Car reviews - Maserati - Quattroporte - auto sedan range
13 Apr 2007
By CHRIS HARRIS
MASERATI has completely re-engineered its fourth-generation Quattroporte sports sedan to take a fully automatic gearbox for the first time.
Just released in Australia from $269,000 – the same price as with the six-speed DuoSelect sequential shift transmission – the new six-speed fully automatic Quattroporte is better-equipped to fight against the likes of the Mercedes-Benz S500, BMW 750i and Audi A8.
Fitting an automatic transmission to the stylish Quattroporte was no easy matter, though. It required the transmission to be relocated to the front of the car, where it is mounted onto the back of the V8 engine alongside the driver’s legs whereas the DuoSelect unit is located with the differential at the back axle.
The engine also had to be revised to suit the new transmission, the floorpan was altered and the rear suspension was redesigned.
Despite moving the transmission so far forward, weight balance has not changed greatly. The auto Quattroporte has 49 per cent of its weight over the front axle while the rear-biased DuoSelect model has 47 per cent. By comparison, the 7 Series has the "perfect" 50-50 balance, the S-class has 51 per cent at the front, and the A8, with its forward-mounted engine, has 56 per cent.
Overall weight has increased by 20kg, offset partly by the need for a smaller conventional propshaft.
The Ferrari-sourced Maserati 4.2-litre V8 engine also had to be revised for the new six-speed ZF auto transmission, with a wet-sump arrangement (using a single pump) instead of the dry sump used with the DuoSelect transmission.
Other engine changes include a new inlet manifold and airbox, new variable valve timing, modified pistons and redesigned cylinder head covers (painted Maserati blue instead of the red covers of the old engine that is still fitted to DuoSelect models).
The main benefit with the revised engine is reduced noise, vibration and harshness to suit the auto, but there is also an extra 10Nm of torque (up to 460Nm) at 250 fewer revs (4250rpm) and over a wider spread. Power remains at 295kW at 7000rpm.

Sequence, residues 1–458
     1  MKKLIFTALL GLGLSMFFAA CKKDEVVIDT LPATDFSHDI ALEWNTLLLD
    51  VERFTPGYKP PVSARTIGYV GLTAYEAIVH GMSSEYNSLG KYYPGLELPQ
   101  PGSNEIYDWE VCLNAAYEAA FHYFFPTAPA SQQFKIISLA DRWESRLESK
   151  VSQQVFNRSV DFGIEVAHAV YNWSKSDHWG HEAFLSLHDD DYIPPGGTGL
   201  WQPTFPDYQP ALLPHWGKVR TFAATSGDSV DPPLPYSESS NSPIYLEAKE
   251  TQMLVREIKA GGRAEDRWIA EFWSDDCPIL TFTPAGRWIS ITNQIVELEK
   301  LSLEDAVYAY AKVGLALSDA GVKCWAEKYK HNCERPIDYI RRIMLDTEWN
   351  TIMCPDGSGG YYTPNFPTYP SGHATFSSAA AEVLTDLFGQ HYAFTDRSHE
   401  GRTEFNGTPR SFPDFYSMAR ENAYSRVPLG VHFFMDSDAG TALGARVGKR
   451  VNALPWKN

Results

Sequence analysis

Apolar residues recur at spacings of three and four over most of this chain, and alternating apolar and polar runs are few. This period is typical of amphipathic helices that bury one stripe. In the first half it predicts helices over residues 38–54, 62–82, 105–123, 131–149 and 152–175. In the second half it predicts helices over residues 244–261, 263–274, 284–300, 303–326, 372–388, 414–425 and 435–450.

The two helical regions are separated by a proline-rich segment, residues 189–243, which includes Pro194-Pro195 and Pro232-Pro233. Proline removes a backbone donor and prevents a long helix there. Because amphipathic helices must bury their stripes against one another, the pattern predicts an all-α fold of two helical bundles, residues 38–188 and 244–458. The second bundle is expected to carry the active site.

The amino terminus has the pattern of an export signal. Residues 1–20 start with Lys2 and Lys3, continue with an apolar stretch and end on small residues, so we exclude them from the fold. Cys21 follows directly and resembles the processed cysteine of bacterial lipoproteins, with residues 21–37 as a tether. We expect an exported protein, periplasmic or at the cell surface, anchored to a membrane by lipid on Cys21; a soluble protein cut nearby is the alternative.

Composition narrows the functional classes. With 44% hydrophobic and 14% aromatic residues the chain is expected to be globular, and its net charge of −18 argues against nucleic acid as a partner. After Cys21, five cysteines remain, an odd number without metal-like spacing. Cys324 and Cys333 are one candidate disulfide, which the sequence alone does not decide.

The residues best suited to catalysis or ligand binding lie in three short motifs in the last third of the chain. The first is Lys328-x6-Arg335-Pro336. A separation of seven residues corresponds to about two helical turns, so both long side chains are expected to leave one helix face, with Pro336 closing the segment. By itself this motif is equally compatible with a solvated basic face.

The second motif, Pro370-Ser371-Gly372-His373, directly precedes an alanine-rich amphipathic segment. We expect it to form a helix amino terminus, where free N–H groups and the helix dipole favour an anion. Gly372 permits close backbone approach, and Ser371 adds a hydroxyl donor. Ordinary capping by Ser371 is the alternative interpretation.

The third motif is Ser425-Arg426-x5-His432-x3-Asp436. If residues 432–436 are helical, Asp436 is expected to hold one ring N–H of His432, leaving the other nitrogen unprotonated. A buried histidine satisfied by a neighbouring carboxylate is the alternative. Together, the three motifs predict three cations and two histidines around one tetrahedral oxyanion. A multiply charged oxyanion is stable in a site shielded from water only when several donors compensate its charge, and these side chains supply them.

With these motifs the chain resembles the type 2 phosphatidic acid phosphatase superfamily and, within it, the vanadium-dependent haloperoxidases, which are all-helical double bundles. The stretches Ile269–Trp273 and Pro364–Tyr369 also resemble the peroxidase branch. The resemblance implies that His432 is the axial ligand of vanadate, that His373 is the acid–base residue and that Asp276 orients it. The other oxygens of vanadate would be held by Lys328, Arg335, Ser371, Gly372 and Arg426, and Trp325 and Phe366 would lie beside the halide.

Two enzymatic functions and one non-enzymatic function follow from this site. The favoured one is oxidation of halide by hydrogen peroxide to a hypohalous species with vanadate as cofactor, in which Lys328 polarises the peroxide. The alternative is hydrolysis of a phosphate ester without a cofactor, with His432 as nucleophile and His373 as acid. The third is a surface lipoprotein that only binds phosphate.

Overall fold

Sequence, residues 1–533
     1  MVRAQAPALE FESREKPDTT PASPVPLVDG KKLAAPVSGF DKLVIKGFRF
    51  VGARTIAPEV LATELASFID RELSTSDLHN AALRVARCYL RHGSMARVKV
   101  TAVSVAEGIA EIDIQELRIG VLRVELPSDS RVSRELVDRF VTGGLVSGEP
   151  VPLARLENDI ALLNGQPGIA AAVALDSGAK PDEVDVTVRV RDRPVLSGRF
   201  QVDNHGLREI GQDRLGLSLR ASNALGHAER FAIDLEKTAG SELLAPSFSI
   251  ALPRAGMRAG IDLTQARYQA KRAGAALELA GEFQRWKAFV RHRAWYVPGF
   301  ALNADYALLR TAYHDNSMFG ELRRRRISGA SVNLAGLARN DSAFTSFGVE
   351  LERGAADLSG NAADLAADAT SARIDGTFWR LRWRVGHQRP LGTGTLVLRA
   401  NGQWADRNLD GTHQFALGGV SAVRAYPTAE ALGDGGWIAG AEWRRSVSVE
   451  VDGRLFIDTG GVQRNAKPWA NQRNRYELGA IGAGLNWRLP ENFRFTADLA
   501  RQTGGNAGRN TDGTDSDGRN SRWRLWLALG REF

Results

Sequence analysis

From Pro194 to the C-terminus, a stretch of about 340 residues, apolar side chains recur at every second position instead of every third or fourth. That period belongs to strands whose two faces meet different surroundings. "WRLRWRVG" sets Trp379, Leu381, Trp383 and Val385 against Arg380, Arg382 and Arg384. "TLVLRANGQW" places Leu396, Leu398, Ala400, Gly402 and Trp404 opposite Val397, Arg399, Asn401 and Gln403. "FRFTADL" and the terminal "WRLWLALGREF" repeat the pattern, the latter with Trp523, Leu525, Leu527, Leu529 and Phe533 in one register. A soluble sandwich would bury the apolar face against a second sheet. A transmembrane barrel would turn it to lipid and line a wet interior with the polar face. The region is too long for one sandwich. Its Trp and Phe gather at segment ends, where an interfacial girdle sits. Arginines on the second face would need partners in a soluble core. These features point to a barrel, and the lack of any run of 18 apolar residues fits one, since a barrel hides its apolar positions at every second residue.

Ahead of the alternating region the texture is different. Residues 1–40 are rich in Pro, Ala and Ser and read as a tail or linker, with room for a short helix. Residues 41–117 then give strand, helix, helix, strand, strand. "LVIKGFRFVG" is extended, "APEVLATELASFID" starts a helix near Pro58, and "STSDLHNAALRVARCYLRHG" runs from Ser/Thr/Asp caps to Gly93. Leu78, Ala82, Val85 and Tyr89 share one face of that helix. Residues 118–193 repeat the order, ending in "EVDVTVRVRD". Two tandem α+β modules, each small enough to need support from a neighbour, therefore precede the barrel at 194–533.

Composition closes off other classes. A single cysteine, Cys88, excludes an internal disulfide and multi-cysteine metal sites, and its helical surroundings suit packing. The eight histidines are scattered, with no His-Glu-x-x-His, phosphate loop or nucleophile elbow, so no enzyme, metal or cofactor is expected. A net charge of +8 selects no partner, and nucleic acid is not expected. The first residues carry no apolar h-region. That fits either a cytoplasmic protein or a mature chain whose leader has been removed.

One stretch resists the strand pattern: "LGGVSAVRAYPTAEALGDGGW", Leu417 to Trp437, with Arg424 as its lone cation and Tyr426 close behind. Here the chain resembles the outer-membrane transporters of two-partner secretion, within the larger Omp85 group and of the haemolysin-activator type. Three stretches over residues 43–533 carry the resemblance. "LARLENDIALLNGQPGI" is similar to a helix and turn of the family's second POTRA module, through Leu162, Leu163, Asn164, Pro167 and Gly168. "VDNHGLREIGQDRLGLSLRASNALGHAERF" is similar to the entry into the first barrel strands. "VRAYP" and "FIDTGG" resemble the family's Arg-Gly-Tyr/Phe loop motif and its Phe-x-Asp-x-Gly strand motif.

Fuel consumption is down by nine per cent, but at 14.7L/100km this Italian is still much thirstier than its German rivals.
The Quattroporte auto accelerates from 0-100km/h in just 5.6 seconds – 0.4 seconds slower than the DuoSelect version – and has a top speed of 270km/h (versus 275km/h).
The ZF transmission itself has a manual sequential shift mode, operated using the shift lever or optional steering wheel paddles (standard on the Sport GT model), and also a more aggressive Sport mode.
As before, the Quattroporte comes in three specification levels – the standard model, the Sport GT ($288,000) and the Executive GT ($298,000) – and all three can be ordered with either the DuoSelect or ZF automatic.
Maserati Australia general manager Edward Butler said that the Sport GT was the best-selling model and, while the original thinking was that 95 per cent of cars would now be ordered with the auto, the expectation is now 80 per cent as some buyers still elect for the sharper-shifting DuoSelect.
"There are still some people who prefer the sportiness of the DuoSelect option, but the important thing for us is that a lot of Mercedes, BMW and Audi buyers didn’t like it, so the auto will help us win those buyers," said Mr Butler.
Maserati sales have climbed rapidly since local distribution was taken over by Ateco 18 months ago, rising from 81 units in 2005 to 107 in Australia last year. Projections for 2007 have already been lifted from 130 to 150, with Melbourne and Perth being the big movers.
The ZF transmission is a hydraulic unit and was chosen mainly because it could handle the 7000rpm rev limit of the V8 engine and Maserati did not want to compromise performance by lowering the redline.
Mr Butler said that the new transmission also provided the required smooth shift quality, which could not be achieved with an electronically controlled unit.
"Maserati did not want to dilute or soften any of the essential driving abilities of the Quattroporte just to give it the ease of an automatic gearbox," he said. "This means that the new Quattroporte is the highest-revving auto in the world."
Another change for the latest Quattroporte is the introduction of an automatic park brake, which activates when the transmission is put in park, then deactivates when the throttle is depressed in drive or reverse. Removing the conventional handbrake enabled the centre console to be redesigned with bigger cup-holders and a larger ashtray.
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